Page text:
Turkish Viagra comes in a little jar. A silhouette on the lid depicts a toddler with an oversized member pointing skywards. ‘APRODISIAQUE,’ declares the label, ‘For Man and Women (sic)’. At 2 euros a jar you won’t find a better offer in your junk email and you won’t find a more interesting place to buy it than in Istanbul’s Grand Bazaar.
My partner nudges me. I fix my gaze on a pile of carpets in the middle distance. I’m world class at avoiding any kind of medication and my consumer resistance is legendary. I can always sneak back, take a photo of the jars and maybe…nah.
Since Sultan Mehmet II founded this bazaar in 1461, Turkish salespersons under these beautiful domed ceilings have been talking up the unbeatable value and excellent quality of their spices, silks and carpets. Maybe ‘aprodisiaques’ too.
Istanbul lies at the European end of the Silk Road and the Grand Bazaar, ‘Kapali Carsi’ in Turkish, lies at the heart of Istanbul’s Old Town. Probably it’s not as exotic as it was before there were ATMs and labels in English, but the colours and smells here are enough to make the most jaded traveller feel like Marco Polo.
It’s one of the world’s largest buildings – 307,000 square metres in area, with nearly 4500 traders selling gold, hookah pipes, rose tea, dates, almonds, hanging lanterns, saffron, plastic dolls, pistachios, pashmina scarves, ceramics, football shirts, coffee, earrings, cushion covers, Turkish delight, prayer rugs, jeans, slippers, quilts and baklava.
While we tourists browse, photograph and haggle awkwardly, in quiet corners groups of Turkish men sip coffee, read newspapers and play backgammon.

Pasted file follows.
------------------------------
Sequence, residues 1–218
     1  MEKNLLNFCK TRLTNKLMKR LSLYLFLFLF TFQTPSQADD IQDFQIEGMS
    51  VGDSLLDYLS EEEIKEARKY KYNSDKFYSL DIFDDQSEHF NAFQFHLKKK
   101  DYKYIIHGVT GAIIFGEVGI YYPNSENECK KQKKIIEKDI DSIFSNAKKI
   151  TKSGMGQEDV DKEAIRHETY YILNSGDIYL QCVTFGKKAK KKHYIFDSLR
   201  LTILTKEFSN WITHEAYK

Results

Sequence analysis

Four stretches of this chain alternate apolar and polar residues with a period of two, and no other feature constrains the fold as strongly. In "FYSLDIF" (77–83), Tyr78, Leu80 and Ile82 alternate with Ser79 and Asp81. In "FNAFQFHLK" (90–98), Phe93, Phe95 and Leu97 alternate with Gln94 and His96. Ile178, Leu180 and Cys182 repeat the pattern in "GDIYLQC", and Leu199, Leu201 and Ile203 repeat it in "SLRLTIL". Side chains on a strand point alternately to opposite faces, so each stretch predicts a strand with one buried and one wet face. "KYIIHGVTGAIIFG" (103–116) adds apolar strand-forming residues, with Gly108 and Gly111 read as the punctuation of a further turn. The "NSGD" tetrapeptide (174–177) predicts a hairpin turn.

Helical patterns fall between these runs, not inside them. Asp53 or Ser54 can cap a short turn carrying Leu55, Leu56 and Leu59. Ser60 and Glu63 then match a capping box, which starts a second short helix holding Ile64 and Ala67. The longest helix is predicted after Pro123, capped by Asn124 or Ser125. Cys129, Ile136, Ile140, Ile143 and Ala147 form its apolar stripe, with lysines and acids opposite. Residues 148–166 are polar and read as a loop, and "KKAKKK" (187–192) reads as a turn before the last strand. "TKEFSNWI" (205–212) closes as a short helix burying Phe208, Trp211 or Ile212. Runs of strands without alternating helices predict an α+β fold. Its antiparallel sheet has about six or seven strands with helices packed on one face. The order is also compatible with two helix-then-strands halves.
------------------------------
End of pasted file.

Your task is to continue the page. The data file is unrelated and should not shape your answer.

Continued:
Opening gambits are fired from all sides as we pass. ‘You from Australia?’ My Kathmandu backpack is a giveaway. ‘Holland?’ Is it my fellow browser’s blonde hair? They’re impressively accurate. ‘Come, look – something for you, special price.’ We keep our hands firmly in our pockets, clutching our valuables.
In other parts of the world there can be desperation, even aggression, in the hassling of market traders. Here a polite smile and a ‘No, thank you’ is cheerfully accepted.
At a shop selling gorgeous kilim rugs we soon find ourselves engaged in a discussion of the colours of modern Dutch painters. The salesman knows immediately that we have no intention of stuffing a large carpet into a small backpack and is happy to brighten his day with a chat about art.
In the narrow streets surrounding the bazaar swarthy gentlemen lounge outside shop windows filled with frilly lingerie, elaborate bed linen and wedding gowns.
We’re amused by the shabby mannequins in shop windows, with their blue hair, crudely painted beards and chipped noses.
More confronting are the young children selling tissues, bottled water and toys. Perhaps they’re helping Mum and Dad and earning a little pocket money during the holidays. Or maybe they skip school a lot. ‘Only twenty lire (about $13),’ says a boy, expertly balancing a spinning top on his head.
‘I’m too old to learn that,’ says my partner, applauding and edging past him.
He persists, ‘Ten lire, five lire…for you, three lire…’ This isn’t haggling, this is begging.
Would making a donation be encouraging child labour? We could give him the money we’ve saved by not buying that Turkish Viagra.
First published Sydney Morning Herald and Melbourne Saturday Age, 14/9/2013